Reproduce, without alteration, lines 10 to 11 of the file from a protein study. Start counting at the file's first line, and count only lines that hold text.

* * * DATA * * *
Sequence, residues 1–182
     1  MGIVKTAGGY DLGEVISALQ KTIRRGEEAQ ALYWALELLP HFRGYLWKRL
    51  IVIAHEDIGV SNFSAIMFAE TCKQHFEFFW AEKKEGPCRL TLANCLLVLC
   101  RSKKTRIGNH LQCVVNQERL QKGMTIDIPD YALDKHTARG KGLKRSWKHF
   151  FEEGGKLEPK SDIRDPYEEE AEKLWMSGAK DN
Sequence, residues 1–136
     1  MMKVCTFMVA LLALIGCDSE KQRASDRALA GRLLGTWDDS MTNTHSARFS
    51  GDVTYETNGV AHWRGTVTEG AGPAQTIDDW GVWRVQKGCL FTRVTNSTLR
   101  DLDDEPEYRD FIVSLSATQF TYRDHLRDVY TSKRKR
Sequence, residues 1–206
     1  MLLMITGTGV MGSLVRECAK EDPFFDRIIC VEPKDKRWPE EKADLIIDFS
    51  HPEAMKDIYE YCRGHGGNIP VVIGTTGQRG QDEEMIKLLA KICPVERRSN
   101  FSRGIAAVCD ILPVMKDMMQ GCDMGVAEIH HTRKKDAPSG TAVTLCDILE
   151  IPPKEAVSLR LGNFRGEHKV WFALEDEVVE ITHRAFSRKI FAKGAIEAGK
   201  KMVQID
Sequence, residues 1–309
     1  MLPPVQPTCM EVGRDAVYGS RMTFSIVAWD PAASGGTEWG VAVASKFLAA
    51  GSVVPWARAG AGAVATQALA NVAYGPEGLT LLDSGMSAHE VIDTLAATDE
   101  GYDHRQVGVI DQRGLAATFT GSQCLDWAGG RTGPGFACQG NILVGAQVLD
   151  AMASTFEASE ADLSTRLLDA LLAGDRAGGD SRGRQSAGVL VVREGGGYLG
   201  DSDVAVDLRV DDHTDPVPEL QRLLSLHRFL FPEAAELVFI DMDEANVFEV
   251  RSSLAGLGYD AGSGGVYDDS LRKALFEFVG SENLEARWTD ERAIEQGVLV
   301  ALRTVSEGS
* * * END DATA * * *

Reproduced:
Sequence, residues 1–206
     1  MLLMITGTGV MGSLVRECAK EDPFFDRIIC VEPKDKRWPE EKADLIIDFS